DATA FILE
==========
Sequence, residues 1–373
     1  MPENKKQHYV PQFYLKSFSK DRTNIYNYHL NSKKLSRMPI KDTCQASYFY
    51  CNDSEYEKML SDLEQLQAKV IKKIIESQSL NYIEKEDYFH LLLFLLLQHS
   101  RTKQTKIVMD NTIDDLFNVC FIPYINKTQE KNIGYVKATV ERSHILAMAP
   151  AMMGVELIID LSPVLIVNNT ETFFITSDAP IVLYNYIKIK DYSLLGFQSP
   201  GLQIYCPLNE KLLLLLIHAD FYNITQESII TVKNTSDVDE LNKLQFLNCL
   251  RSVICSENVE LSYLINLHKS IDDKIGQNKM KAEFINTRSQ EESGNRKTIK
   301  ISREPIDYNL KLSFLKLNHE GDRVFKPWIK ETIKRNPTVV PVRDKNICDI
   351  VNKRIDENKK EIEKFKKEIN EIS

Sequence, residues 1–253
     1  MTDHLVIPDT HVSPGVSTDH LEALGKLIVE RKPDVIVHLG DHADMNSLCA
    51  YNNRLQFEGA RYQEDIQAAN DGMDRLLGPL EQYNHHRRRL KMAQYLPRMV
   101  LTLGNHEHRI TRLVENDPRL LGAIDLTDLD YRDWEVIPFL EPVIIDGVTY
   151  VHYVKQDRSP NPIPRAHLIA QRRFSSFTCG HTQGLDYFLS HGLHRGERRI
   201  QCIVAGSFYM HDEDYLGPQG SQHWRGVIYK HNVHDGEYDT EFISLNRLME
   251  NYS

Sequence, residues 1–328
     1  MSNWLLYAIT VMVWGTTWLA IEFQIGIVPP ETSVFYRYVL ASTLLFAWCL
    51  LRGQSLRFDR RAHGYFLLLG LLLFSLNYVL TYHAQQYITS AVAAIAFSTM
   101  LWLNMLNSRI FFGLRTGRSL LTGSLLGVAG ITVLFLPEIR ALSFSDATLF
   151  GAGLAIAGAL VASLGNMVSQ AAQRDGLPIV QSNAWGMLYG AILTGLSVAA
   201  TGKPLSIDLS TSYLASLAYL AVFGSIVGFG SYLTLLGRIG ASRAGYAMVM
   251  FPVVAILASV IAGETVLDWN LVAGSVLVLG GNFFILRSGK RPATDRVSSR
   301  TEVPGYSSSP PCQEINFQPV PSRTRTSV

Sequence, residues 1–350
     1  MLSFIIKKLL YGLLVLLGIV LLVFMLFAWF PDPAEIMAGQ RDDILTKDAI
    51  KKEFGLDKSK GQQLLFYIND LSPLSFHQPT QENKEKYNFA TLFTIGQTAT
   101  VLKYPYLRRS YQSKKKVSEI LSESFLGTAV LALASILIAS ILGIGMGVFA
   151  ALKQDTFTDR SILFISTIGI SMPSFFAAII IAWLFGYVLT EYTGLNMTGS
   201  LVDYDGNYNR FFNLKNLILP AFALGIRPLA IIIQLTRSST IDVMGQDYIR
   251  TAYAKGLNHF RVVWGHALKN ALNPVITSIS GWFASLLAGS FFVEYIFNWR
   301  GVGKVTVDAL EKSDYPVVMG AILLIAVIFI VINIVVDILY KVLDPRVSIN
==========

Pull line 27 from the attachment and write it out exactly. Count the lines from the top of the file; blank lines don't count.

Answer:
    51  KKEFGLDKSK GQQLLFYIND LSPLSFHQPT QENKEKYNFA TLFTIGQTAT